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  • Writer's pictureHeather Green

How to Shuck an Oyster, and My First YouTube Video!

Updated: Dec 29, 2023

I love oysters. Growing up my dad was paranoid about eating anything remotely not burnt to a crisp. He demonized everything from medium-rare steaks to sushi. So I wasn’t exposed to a lot of unique foods until I was on my own. After moving out I’ve tried several unique raw foods including sea urchin, and octopus, and one of my absolute favorites is Oysters.


The reason I’m featuring Oysters is that they’re also an aphrodisiac which makes them perfect for a romantic month like February. Now, to be honest, there is nothing available that can increase sexual desire in people and frankly from what I’ve seen on Travel Channel and Food Network, the more disgusting the food, the more it’s marketed as some sort of sexual enhancement so take this with a grain of salt.

Regardless of whether or not you think these guys will spice up your love life, they are delicious, especially with a cold Chardonnay. The only problem for me was the price. I don’t know how much they cost in your area, but you can expect to pay at LEAST $24 dollars for a full dozen if not more, and then add in the cost of wine and a tip, and it’s an easy $30.

My husband will tell you if there’s something I really like to eat at a restaurant, but it’s expensive, I’ll learn how to make it myself, and that’s exactly what I did here.

Shucking Oysters can be tough at first, but it does get easier. The first thing you’re going to need is a proper oyster-shucking knife. These aren’t really useful for much else. They’re short, and kind of blunt, and not very sharp. I also suggest that if this is your first time shucking your own oysters you get a relatively thick tea towel that you won’t mind getting gunked up.

1.) Pick out the kind of oyster you want: There are several varieties. I tend to like meaty and briny ones (which means a little salty), but there are sweet ones and plump ones. Wellfleet are the ones I like the most so far and if you buy them in season (September through April) they tend to be around $1.00 per. (which means if you shuck them yourself, you’re paying around $12 for a dozen which is still way less than you’re going to find at any restaurant).

DO NOT PUT THEM IN A TIED PLASTIC BAG!!! The gruesome reality is that these are living creatures and they do need air to breathe until they are um…er…” processed”.

2.) When you get them home, be sure to wash them. They tend to have sand or grit, especially around the edge. I honestly like to use a little scrub brush that I have just for them. Nothing can ruin them faster than having sand or a piece of shell in them!

3.) Prep the serving dish. Sometimes you can ask the people you’re buying these from for a bag of chipped ice. If for whatever reason they won’t give you any, you can take regular ice and throw it into a food processor. This isn’t going to help the flavor any, but it is going to help keep those oysters sitting upright on your plate and it’s going to keep all the ocean juices they have from leaking out. The ice will also help keep them cool.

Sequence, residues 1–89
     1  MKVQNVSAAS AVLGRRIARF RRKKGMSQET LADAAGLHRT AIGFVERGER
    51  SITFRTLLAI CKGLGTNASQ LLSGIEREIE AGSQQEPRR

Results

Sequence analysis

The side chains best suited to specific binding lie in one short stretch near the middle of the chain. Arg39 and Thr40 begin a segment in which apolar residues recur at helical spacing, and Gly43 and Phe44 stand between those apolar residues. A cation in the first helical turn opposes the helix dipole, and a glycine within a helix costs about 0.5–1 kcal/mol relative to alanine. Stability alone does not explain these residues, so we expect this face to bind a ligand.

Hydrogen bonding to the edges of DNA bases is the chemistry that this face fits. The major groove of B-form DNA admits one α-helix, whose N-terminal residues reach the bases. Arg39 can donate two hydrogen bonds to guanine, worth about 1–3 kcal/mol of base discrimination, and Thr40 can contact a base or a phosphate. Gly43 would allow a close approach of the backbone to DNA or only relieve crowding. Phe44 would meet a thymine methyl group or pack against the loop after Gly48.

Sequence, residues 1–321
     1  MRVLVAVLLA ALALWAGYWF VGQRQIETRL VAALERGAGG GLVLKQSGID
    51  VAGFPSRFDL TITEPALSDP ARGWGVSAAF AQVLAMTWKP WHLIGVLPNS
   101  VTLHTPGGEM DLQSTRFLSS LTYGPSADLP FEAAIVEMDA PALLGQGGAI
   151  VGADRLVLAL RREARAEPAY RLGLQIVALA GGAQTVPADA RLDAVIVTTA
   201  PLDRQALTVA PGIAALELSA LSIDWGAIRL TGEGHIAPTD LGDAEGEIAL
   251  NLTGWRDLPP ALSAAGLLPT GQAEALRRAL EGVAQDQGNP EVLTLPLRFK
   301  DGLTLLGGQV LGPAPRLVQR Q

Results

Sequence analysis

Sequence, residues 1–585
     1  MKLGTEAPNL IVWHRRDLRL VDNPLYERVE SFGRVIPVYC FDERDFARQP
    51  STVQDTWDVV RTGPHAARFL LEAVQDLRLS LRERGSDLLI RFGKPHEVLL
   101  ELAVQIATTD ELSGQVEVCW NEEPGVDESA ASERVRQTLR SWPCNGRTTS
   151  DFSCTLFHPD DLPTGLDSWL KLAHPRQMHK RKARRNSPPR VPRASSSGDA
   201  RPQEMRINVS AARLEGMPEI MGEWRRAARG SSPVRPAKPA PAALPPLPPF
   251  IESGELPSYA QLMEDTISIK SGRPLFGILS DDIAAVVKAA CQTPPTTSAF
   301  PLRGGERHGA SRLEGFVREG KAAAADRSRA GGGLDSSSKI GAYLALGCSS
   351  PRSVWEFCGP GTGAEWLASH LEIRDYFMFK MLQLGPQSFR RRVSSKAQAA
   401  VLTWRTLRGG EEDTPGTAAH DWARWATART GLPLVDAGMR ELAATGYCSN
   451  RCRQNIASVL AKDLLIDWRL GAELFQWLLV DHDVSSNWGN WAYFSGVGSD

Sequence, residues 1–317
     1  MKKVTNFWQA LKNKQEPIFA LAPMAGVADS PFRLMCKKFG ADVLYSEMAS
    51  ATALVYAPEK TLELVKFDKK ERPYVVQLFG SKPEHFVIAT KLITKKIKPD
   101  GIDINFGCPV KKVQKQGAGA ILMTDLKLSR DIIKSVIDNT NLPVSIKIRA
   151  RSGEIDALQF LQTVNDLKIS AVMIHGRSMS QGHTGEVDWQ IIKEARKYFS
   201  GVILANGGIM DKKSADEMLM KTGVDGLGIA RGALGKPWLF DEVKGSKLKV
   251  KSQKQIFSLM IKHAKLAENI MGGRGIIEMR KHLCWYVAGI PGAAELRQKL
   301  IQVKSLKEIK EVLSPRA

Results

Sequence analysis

If you can’t do this, I like to take paper towels, get them wet, and then put them in the freezer. This will have the same effect of preventing the oysters from tipping over and keeping them chilled.

4.) Okay, now you’re ready to do some shucking. Get your first oyster and locate on the shell where it hinges together. That’s the area you’re going to want to try to insert with your knife first, BUT before you do that, I suggest taking some safety precautions. Now is the time to use that really thick tea towel I suggested at the beginning of the post. That’s to help you not just grip the oyster but also to help protect your hand in case there’s a slip. Also, be sure to point the tip of the knife AWAY from your body (you want to shuck the oyster, not yourself).

5.) Inserting the knife between the shells can be tough, and depending on the type of oyster you get, the shell could be thin and break. Take your time, and be patient. Once you’ve broken the hinge, it releases the seal that keeps the shell closed and you’re in the home stretch! Take your knife and cut all the way around being sure to separate the meat from the top part of the shell that you plan to throw away. Once the top part of the shell is off, you’re going to want to wipe the knife off quickly and run it around the meat inside the shell since there’s usually an anchor point that will prevent the oyster from slipping easily from the shell into your mouth. Once that’s taken care of, you’re done! Congrats! Put it on your plate of ice. If you want to garnish it, I suggest having some apple vinegar and cocktail sauce, but honestly, they’re great just as they are. Have a sip of wine and enjoy the fruits of your labor!

So how did it go? If you tried it, tell me about your experience in the comments below! If you would like exclusive content into my life then feel free to follow my social media listed on the sidebar! Have a wonderful day! – Heather Autumn


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